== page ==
Act (FELA), 35 Stat. 65, as amended, 45 U.S.C. § 51 et seq. (1982 ed.), the Boiler Inspection Act, 36 Stat. 913, as amended, 45 U.S.C. § 22 (1982 ed.), and the Safety Appliance Act, 27 Stat. 531, 45 U.S.C. § 1 (1982 ed.). PATH moved to dismiss both complaints, asserting that PATH enjoyed New York and New Jersey's sovereign immunity and thus that the Eleventh Amendment deprived the federal court of jurisdiction over the suits. Relying in part on Port Authority Police Benevolent Assn., Inc. v. Port Authority of New York and New Jersey, 819 F.2d 413 (CA3), cert. denied, 484 U.S. 953, 108 S.Ct. 344, 98 L.Ed.2d 370 (1987), the District Court concluded that the Eleventh Amendment deprived it of jurisdiction and dismissed respondents' complaints. App. to Pet. for Cert. A-27, A-46. In Port Authority Police Benevolent Assn., the Court of Appeals for the Third Circuit reasoned that because the States had established the Authority as a state agency and continued to exercise extensive control over its operations, the Authority was entitled to Eleventh Amendment immunity. 819 F.2d, at 413. The court also found no waiver of that immunity. Id., at 418, n. 2.
The Court of Appeals for the Second Circuit held that the Eleventh Amendment did not bar Feeney's suit because "the Eleventh Amendment immunity either does not extend to [PATH] or has been waived." 873 F.2d 628, 628-629 (1989). The court concluded that PATH did not enjoy the States' sovereign immunity, principally because the treasuries of New York and New Jersey are largely insulated from PATH's liabilities. Id., at 631-632. In reaching its conclusion that the States had waived any immunity that PATH possessed, the court relied upon two provisions of an Act governing suits against the Authority and its subsidiaries and passed by New York (in 1950) and New Jersey (in 1951). 1951 N.J.Laws, ch. 204; 1950 N.Y.Laws, ch. 301; see N.J.Stat.Ann. § 32:1-157 et seq. (West 1963); N.Y.Unconsol.Laws § 7101et seq. (McKinney 1979). The first section provided that the States "consent to suits, actions or proceedings of any form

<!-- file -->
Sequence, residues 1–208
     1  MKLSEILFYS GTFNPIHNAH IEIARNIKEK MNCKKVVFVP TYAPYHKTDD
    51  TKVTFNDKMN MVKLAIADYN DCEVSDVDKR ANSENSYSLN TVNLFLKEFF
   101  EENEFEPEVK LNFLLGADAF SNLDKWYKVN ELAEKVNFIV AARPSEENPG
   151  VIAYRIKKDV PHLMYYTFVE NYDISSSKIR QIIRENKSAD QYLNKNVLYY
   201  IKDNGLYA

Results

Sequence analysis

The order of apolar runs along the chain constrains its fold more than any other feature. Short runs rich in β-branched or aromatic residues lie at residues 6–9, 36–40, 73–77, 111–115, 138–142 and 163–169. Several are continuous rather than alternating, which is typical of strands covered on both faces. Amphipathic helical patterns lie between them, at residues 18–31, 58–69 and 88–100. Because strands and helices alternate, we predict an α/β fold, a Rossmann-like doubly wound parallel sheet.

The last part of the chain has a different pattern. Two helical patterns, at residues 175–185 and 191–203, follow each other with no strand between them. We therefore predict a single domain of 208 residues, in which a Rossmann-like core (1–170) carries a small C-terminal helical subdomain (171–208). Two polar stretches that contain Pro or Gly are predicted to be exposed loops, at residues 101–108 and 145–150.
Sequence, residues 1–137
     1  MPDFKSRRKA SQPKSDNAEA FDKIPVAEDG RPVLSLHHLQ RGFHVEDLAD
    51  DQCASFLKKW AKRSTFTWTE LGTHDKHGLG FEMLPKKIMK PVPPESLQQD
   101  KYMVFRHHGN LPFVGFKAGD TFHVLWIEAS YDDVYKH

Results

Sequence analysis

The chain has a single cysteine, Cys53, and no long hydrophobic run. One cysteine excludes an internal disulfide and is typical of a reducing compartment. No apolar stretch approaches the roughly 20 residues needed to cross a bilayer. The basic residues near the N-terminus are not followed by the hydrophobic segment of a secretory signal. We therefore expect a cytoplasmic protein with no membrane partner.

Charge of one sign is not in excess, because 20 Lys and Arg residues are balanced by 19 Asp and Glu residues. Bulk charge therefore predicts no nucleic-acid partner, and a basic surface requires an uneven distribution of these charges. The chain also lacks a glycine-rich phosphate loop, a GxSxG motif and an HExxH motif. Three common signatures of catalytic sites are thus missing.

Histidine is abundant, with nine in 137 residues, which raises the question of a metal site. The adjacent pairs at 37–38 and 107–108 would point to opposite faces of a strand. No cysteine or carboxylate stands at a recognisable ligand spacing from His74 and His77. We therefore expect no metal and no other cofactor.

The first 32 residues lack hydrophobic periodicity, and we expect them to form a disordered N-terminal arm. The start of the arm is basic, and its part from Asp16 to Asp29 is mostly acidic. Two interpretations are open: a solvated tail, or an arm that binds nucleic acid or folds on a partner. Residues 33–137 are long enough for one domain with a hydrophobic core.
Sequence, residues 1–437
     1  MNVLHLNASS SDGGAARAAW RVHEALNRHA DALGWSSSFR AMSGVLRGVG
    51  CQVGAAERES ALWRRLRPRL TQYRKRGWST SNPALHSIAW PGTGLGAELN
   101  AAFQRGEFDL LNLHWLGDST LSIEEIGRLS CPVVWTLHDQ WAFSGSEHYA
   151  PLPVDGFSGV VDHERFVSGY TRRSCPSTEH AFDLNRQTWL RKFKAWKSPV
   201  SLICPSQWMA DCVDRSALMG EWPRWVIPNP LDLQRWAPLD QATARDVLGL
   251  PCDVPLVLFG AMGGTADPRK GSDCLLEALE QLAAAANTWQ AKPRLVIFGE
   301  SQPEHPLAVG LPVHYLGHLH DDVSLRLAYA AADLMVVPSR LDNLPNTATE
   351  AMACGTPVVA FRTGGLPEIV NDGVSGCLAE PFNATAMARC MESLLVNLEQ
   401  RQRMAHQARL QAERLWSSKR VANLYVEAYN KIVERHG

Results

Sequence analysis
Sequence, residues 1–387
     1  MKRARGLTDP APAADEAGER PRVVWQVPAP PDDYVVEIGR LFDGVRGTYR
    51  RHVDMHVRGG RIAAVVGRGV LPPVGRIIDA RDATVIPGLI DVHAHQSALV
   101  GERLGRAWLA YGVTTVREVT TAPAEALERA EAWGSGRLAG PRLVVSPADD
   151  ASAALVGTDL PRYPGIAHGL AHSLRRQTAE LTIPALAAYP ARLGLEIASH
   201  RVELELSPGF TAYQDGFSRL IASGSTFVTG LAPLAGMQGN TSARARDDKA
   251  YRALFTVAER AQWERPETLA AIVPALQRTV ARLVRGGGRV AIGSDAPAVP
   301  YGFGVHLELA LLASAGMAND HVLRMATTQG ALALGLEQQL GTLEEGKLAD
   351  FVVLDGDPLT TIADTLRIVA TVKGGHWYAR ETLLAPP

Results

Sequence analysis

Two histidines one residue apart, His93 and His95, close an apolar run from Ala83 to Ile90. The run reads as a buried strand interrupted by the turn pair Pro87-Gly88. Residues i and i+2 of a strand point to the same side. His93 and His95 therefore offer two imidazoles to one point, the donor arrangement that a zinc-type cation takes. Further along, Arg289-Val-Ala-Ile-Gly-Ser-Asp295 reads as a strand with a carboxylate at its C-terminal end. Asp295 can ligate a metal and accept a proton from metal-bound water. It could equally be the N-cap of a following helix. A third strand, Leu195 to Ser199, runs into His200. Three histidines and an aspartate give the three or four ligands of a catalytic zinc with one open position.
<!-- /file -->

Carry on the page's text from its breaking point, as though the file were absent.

or nature at law, in equity or otherwise ... against the Port of New York Authority." N.J.Stat.Ann. § 32:1-157 (West 1963); N.Y.Unconsol.Laws § 7101 (McKinney 1979). Another section provided in part:
"The foregoing consent [of N.J.Stat.Ann. § 32:1-157; N.Y.Unconsol.Laws§ 7101] is granted upon the condition that venue in any suit, action or proceeding against the Port Authority shall be laid within a county or a judicial district, established by one of said States or by the United States, and situated wholly or partially within the Port of New York District. The Port Authority shall be deemed to be a resident of each such county or judicial district for the purpose of such suits, actions, or proceedings." N.J.Stat.Ann. § 32:1-162 (West 1963); N.Y.Unconsol.Laws § 7106 (McKinney 1979).
The court concluded that, despite the "somewhat anomalous" location of an indication of waiver in a venue...
To continue readingFREE SIGN UP